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Johann Sebastian BACH (1685–1739)
Concerto in F minor for Oboe and Strings, after BWV 169/49 [18.15]
Double Concerto in C major for Oboe and Violin and Strings, after BWV 1055 [13.32]
Concerto in A minor for Oboe and Strings, after BWV 1055 [14.23]
Concerto for G major Oboe and Strings, after BWV 1041 (BWV 1058) [13.29]
Concerto movement in D major for Oboe and Strings, after BWV 35 [5.53]
Concerto in G major for Oboe and Strings, after BWV 1065 [9.42]
Burkhard Glaetzner (oboe and direction)
Andreas  Hartmann (violin)
Mitteldeutscher Bach Konvent
rec. 10-13 April, 19-21 June 2006, Orchestersaal Augustusplatz Leipzig.
BERLIN CLASSICS 0016092BC [75.19]



18th century commentators refer to Bach’s concertos for diverse instruments but all that has come down to us are the violin concertos and harpsichord concertos. Ironically, one of Bach’s most commonly used obbligato instruments was the oboe, so it is tempting for practitioners to ascribe some of these missing concertos to the oboe.
 
Of course, not all the concertos are quite missing. Bach was a great re-user so that a concerto in E flat (or F) for oboe (or perhaps viola) was re-used in his cantatas BWV169 and BWV49 and re-written for harpsichord in BWV1053. In this way the original concerto can be re-constructed with some confidence. On stylistic grounds, this concerto was probably written in the earlier part of his Leipzig period.
 
On this new disc, distinguished German oboist Burkhard Glaetzner plays five conjectural re-constructions, plus the double concerto. Though I have described the concerti as conjectural, this should not worry us unduly. Bach re-arranged Vivaldi concertos for new forces and was, as we have seen, a re-user of his own music. So the adaptations necessary to create these concertos would not have worried him.
 
My only complaint, is that the extensive CD booklet does not seem to credit who did the adaptations in the first place.
 
The double concerto for Violin and Oboe, BWV1060, has long been in existence based on its surviving incarnation for two harpsichords. This harpsichord version was created in the mid-1730s for his Collegium Musicum; a group who practised on the premises of café owner Gottfried Zimmerman and for whom Bach made many of his harpsichord concerto transcriptions.
 
Harpsichord concerto BWV1055 was created slightly later, but the surviving parts indicate that the work was based on a lost original in the same key. The instrument in question was probably an oboe d’amore, an instrument newly invented in the 1720s. There is good reason to think that the concerto was originally composed in the 1720s for the new instrument.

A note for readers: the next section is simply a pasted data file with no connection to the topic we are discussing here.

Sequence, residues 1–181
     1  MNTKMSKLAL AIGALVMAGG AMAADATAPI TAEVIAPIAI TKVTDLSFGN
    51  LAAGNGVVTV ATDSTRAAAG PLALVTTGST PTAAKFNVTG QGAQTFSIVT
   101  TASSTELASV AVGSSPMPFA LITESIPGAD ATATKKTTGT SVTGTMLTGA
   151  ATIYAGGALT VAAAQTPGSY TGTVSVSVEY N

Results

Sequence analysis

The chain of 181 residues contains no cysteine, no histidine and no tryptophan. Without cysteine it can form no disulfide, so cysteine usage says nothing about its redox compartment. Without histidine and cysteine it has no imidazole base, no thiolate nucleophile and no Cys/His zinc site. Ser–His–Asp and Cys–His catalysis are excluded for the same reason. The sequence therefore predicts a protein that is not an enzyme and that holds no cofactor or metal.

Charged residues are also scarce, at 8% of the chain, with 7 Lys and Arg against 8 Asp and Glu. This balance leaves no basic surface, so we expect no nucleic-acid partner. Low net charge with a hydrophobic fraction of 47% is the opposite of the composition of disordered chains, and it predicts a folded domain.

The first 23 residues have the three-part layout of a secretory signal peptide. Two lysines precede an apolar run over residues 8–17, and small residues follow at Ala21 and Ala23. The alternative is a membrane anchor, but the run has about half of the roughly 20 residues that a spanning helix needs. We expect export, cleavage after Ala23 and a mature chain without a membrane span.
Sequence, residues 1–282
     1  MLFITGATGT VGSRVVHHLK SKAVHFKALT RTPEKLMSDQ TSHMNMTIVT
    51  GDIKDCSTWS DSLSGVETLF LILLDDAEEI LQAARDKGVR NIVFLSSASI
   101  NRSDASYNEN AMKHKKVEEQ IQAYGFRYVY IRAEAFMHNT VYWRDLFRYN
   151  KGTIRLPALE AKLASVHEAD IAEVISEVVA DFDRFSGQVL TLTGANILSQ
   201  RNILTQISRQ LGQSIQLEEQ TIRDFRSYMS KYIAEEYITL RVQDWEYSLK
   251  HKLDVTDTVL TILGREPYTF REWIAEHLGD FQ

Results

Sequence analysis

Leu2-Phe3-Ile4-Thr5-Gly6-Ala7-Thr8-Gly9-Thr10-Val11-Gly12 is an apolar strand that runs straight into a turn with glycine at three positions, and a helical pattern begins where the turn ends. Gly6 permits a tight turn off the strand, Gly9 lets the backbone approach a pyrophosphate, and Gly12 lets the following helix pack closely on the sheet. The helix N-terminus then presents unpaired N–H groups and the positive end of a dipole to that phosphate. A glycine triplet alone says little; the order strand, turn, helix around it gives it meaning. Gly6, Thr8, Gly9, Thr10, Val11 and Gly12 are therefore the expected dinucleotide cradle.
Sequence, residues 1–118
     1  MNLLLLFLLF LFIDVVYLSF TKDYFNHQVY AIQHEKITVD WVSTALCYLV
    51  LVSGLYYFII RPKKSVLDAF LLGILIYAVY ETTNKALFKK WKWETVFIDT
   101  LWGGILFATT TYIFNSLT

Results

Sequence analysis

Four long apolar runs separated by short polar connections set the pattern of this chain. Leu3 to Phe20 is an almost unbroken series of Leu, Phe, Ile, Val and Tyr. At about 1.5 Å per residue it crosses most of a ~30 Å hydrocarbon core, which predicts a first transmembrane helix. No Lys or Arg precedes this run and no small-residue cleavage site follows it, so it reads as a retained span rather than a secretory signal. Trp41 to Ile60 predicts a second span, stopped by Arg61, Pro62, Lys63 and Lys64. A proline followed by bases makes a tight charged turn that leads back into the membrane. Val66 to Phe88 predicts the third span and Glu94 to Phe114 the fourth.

Bach’s own Violin concerto BWV 1041 also exists in a transcription for harpsichord, so we can forgive Glaetzner for appropriating it for oboe as well.
 
For the next concerto, only the opening movement survives, in a version for obbligato organ. The remaining movements are conjectural and are not included here.
 
The final concerto is based on the harpsichord concerto BWV1056, again a work where concurrency can be shown with various other of Bach’s works.
 
Glaetzner is accompanied by the MittelDeutscher Bach Konvent with a string group of some thirteen players. Glaetzner has an admirably warm sound with a good flexibility in playing Bach’s solo lines. He also doubles as director.
 
Occasionally speeds are a little fast. I felt that the opening movement of BWV 1055 was rather gabbled. But technically, Glaetzmer the oboist has no problems with the speeds set by Glaetzner the director.
 
Playing on what sound to be modern instruments, the Mitteldeutscher Bach Konvent make a strong sound but prove fine accompanists. The performance is, to some extent, period aware. The string sound in particular is crisp and lively, with none of the luxuriance and over-reliance on vibrato which comes with some older performances.
 
I enjoyed this disc, despite being a convinced lover of the sound of the baroque oboe. Glaetzner’s intelligence and technique make a good case for these pieces, even when you are aware of more well known versions in the background.
 
The disc includes an informative article by Manfred Fechner which explores the origins of the various concertos.
 
This is probably not a library choice, but certainly should be a disc that anyone with an interest in Bach’s concertos should explore.
 
Robert Hugill
 



 


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